And He will bring to you that word, “forgiving one another.” And you will have to say, “Oh, God, I have not forgiven him. I bring it up every third day.” And He will bring to your mind all the promises that you’ve made that you never kept. “Ooh, I promised to paint the bedroom four years ago, still not painted. No wonder the woman’s mad.” (Laughter)
And He’ll bring to your mind all the failures in your own life. You must first of all identify them and God is the best source to identify them, because God knows the truth about you. And God knows the truth about me.
Second step, we confess those things to God—confession to God. 1 John, 1:9 is not a verse simply to be memorized. “If we confess our sins,” please notice the word is in the plural, “If we confess our sins, God is faithful and just to forgive us our sins and to cleanse us from all unrighteousness.”
Now the word “confession,” as you know, means literally “to agree with.” If I hold up this book and I say to you, “This is a Bible” and if you come down and look at this book and then you say to me, “You know, you’re right; that is a Bible,” you have “confessed” that this is a Bible. You have agreed with me.
Now when we confess our sins to God, I think it means, we agree with God on at least three things. We agree that it is wrong. Now by nature, we don’t do that. By nature, we excuse our wrongs, based on their wrongs. We say such things as, “Well, how do you expect me to act when she treats me that way? How would you act if your wife treated you that way?” And we excuse our sin based on her sin.
No, no, no, no, no. Confession says, “Lord, the way I treated her last night is wrong. The way I have ignored her for three days is wrong, let alone what she did. That’s her problem. But the way I have responded to her is wrong.” Confession agrees that it is wrong.
Secondly, confession agrees that Christ has paid the penalty, that Christ has paid the penalty. The central theme of the Bible is that on the Cross, Christ paid the full penalty for our sins. Now folks, I must confess to you, I still do not fully understand the Cross. But the Bible is very clear. From God’s perspective, Christ took our full penalty, our full punishment for our sins. And confession says, “Lord, I thank You that Christ has paid for these sins.”
And thirdly, confession agrees to accept forgiveness, to accept forgiveness. God does not want you depressed for three months because you sinned against your spouse. He wants you to accept His forgiveness; get up; move on; do something good today! So, confession involves at least those three things.
There is a third step and this is where many of us fail. It is found in Acts, chapter 24 and verse 16. I believe this is the most powerful verse in the New Testament on mental health. Consequently, it greatly affects marital and family health. Will you listen to these words? Paul is talking about himself. Acts 24:16, “In this do I exercise myself.” The word “exercise” is the Greek word, gymnazo, from which we get our word “gymnasium.” Good translation, “exercise.” [It] could also be translated “discipline.” “In this do I discipline myself–now listen carefully–to have always a conscience void of offense toward God and toward men.”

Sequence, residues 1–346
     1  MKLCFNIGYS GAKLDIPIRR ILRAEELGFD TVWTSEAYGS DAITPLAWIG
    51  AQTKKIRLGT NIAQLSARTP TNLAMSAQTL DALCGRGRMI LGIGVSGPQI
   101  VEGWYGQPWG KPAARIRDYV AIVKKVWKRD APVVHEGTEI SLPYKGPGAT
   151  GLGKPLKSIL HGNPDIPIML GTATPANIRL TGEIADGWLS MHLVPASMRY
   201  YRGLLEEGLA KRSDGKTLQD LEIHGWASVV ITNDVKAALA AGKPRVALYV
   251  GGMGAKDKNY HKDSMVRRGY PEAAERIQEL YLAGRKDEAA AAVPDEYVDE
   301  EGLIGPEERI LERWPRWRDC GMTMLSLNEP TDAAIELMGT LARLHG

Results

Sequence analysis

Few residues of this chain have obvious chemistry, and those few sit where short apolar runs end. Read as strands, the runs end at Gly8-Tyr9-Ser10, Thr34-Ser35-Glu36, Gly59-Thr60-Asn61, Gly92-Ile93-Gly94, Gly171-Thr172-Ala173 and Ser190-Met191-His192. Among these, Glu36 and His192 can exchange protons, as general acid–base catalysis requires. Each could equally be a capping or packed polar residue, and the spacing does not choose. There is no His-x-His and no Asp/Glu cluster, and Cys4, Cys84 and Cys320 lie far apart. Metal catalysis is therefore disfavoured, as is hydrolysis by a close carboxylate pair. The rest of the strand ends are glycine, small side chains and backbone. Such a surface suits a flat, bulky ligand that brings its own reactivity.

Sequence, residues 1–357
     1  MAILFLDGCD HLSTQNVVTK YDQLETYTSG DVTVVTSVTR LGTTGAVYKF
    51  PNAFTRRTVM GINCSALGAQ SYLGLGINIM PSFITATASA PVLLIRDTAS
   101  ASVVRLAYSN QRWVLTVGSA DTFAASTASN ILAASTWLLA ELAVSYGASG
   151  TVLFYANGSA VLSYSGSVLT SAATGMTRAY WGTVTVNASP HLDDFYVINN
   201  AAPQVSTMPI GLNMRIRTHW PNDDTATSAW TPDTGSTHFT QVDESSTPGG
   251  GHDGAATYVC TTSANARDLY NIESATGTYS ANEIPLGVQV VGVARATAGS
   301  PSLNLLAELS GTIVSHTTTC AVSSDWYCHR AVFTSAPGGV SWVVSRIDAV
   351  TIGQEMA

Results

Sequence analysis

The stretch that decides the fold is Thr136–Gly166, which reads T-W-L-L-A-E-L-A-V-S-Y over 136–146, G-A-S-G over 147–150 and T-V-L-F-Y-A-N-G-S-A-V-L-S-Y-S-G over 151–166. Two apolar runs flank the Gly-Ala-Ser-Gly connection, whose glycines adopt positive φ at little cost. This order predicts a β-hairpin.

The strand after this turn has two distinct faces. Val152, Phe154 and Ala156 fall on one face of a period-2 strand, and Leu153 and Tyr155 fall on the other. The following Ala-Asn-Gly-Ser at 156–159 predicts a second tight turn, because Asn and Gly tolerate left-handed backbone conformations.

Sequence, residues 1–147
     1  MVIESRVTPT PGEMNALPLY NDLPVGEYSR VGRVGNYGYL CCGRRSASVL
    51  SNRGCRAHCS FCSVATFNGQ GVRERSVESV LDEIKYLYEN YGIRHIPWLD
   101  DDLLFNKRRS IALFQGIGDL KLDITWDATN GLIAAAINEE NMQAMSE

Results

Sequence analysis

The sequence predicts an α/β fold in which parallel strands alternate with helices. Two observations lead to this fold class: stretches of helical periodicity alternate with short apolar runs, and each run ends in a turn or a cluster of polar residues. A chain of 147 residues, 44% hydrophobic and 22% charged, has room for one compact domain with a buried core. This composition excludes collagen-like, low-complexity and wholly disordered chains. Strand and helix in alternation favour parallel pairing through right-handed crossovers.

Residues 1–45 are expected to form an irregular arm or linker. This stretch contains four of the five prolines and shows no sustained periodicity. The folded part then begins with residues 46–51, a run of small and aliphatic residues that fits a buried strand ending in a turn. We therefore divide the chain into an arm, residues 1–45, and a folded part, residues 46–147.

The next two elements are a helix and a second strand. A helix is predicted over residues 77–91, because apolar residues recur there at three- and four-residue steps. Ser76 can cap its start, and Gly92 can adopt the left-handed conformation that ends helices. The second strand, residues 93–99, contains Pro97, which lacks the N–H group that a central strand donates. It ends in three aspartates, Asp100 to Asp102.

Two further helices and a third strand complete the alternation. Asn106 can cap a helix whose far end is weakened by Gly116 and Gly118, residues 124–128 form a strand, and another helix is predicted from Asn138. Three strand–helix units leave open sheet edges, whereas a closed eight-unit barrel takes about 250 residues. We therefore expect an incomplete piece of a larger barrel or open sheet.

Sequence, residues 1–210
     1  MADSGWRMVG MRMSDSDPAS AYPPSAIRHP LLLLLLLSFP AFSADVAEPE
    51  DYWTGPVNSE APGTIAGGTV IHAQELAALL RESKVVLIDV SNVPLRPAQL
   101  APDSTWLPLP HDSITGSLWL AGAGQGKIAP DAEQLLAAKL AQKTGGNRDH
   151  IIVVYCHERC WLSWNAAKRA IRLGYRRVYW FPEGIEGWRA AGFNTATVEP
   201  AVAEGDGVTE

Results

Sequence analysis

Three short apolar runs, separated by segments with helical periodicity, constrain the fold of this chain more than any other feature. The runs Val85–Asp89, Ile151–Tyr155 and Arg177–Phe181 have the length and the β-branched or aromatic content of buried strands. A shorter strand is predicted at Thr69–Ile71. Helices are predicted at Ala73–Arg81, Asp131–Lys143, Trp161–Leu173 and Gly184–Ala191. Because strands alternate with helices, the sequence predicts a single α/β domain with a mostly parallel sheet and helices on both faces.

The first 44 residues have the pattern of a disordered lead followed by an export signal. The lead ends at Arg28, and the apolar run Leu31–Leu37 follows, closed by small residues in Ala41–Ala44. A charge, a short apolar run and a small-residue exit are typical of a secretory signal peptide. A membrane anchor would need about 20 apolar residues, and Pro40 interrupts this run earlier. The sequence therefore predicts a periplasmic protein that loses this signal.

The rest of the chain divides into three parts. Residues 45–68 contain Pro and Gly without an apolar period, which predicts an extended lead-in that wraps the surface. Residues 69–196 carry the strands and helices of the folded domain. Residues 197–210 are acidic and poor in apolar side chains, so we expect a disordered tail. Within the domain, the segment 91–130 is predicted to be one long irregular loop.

Paul says, I am committed to living with an empty conscience toward God and toward men. Nothing is more fundamental to mental health, let alone spiritual health, than living with an empty conscience. May I picture for you the conscience as being a five-gallon container, strapped to my back? That’s my conscience. And every time I sin against my wife or anyone else, it’s like pouring a gallon of liquid into my conscience.
And three or four sins and my conscience is getting full and I am getting heavy. And you ask me how I’m doing and I will likely say, “Not too well, because I remember yesterday. I remember last night. I remember what I did or didn’t do. I’m not feeling well; my conscience is full and I am heavy.”
Now Paul says, “I’m committed to living with an empty conscience toward God and toward men.” Now how do we get an empty conscience toward God? By confession to God, we’ve just talked about it. How do I get an empty conscience toward men? By confession to the person I sinned against and that’s the third step. Confession to the other person, confession to the other person. If I really want to tear the wall down, it is not enough to seek God’s forgiveness; I must seek the forgiveness of the family member against whom I have sinned.
So, what are we suggesting to people who want to improve family relationships? We are suggesting that the place to start is by tearing the wall down on your side. We are suggesting that people get alone with God and say to God, “Lord, where am I failing in this relationship?”
And as God brings their failures to mind, they confess those things to God and accept God’s forgiveness. Then they go to their spouse and they say to them, “Have you got a few minutes? I’ve been thinking about us and I know I’ve been on your case, but I have realized that you are not all of our problem. In fact, the other night I sat down and asked God to show me where I have been failing you and He gave me a pretty good list. And if you’ve got a few minutes, I’d like to read this to you and I would like to ask you to forgive me.” (Whistling)
Now you share that idea with people, which is exactly what Jesus said we’re supposed to do. You share that idea with people and they will ask you questions, such as one lady said, “Dr. Chapman, now I understand the principle,” but she said, “I don’t think you quite understand my situation.” She said, “What if your husband really is the problem? How’s that gonna help?”